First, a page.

We are getting closer to a Dynamo Stadium deal.
The city of Houston has offered more than $15.5 million to buy five downtown blocks that could be the future site of a soccer stadium for the Houston Dynamo.
The City Council will consider the deal Wednesday, but is expected to delay approval for at least a week.
The purchase price assumes the land is worth $49 per square foot, almost four times the assessed value of $12.50 per square foot set by the Harris County Appraisal District.
The five blocks are owned by various corporate entities controlled by former Councilman Louis Macey. To acquire a sixth block, owned by a different company, the city has offered to swap a nearby block it already owns.
The six-block tract is between Texas and Walker streets on the north and south, and Hutchins and Dowling streets, just east of U.S. 59 in the "warehouse district." The area recently has undergone some loft-style residential development.
The land will be used for a Dynamo stadium only if the city can reach an agreement with the soccer team owners, said Andy Icken, deputy director for Public Works and Engineering.
"They identified this tract of land as one in which they would be interested," Icken said Monday. Negotiations with the team are continuing. Mayor Bill White has said he does not want public funds used for the actual stadium construction.
City officials are not saying what the land's ultimate use will be. They have conceded that a soccer stadium is one possibility, but also have mentioned a new police headquarters, affordable housing or mixed-use development. The city also could sell the land if nothing works out.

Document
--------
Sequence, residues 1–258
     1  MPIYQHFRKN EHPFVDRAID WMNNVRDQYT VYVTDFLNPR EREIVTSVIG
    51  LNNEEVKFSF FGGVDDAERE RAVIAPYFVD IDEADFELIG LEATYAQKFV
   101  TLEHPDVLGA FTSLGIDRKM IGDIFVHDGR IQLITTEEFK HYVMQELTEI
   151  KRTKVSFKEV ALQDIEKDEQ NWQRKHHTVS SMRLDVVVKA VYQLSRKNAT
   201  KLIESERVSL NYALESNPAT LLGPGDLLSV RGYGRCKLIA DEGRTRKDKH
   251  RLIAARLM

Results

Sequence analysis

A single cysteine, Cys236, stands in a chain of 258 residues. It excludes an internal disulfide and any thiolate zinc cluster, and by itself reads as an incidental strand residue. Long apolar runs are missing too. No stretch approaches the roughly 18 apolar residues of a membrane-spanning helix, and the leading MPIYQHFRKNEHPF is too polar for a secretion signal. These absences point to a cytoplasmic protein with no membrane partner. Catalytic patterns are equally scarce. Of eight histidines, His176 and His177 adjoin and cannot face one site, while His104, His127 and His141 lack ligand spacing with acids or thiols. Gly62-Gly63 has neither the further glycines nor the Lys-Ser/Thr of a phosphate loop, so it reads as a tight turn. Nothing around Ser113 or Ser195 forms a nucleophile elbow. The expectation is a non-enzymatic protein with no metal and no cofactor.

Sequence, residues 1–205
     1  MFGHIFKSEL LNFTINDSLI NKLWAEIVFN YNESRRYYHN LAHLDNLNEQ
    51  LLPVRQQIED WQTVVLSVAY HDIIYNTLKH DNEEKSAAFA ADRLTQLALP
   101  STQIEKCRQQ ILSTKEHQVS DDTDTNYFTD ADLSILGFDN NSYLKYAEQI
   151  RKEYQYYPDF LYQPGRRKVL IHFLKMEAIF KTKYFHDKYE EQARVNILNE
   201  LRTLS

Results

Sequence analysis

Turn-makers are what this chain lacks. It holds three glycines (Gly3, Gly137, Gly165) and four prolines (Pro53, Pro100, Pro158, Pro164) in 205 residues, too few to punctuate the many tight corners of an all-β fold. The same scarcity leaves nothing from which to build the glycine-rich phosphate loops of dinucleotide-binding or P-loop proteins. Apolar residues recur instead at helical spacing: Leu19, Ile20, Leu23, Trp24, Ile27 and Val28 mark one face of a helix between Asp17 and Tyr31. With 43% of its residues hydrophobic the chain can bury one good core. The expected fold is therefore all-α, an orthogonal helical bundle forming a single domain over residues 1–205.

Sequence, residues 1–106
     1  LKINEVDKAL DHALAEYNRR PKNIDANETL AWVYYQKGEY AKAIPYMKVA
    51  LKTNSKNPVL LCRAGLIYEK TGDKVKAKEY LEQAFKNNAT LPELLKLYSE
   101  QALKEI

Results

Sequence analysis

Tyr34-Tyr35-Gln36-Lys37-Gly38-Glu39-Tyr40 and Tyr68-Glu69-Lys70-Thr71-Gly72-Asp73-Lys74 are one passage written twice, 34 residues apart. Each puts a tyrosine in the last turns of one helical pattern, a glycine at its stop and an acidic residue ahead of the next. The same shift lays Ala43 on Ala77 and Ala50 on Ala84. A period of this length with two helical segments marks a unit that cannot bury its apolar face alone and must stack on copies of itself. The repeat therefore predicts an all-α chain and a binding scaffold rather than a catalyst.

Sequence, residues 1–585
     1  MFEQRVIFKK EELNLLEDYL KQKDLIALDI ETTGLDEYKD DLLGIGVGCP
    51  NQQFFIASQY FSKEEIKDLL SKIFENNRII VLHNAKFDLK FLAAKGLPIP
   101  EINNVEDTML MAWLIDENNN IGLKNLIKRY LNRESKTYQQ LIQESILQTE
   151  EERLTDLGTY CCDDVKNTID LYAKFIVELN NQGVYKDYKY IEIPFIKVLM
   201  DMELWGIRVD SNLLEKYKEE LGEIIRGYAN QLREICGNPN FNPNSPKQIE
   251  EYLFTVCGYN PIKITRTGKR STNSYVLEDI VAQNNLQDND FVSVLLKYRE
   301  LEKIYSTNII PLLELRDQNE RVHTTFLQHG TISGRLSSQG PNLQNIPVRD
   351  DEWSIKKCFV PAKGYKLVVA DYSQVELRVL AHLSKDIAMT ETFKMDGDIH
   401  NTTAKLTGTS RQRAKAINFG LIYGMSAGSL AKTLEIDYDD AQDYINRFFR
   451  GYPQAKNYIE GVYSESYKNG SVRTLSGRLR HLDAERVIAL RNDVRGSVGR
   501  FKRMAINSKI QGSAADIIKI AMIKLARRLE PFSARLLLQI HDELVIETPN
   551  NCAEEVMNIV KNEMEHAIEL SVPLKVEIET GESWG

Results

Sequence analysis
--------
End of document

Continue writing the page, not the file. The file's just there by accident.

That uncertainty troubles District C Councilwoman Anne Clutterbuck.
"Anytime we are spending taxpayer dollars ... I think we need to have some more clarity as to what it's for," she said. "I'm a firm believer that we shouldn't use property tax dollars to fund stadiums."
"My preference is to get a stadium," said Councilman James Rodriguez, whose District I contains the tract. If a soccer stadium does not materialize, Rodriguez said the purchase still is a good deal.
"We're in the driver's seat," he said, "We're extending the boundaries of downtown."
"I think it's a good price," said Dan Nip, chairman of the East Downtown Redevelopment Authority, which operates Tax Increment Reinvestment Zone 15.
That TIRZ eventually may pay the city back for the purchase of the land, said Robert Fiederlein, the mayor's TIRZ adviser.
I think there's a lot of potential for good in this deal. This is a great location for a soccer stadium. I love that it's transit-friendly (maybe a bit too friendly). It may make great financial sense for the city. But all of this depends on the details, and we don't have those yet. I look forward to seeing the final plan, and I hope it lives up to all this potential.Posted by Charles Kuffner on February 19, 2008 to Other sports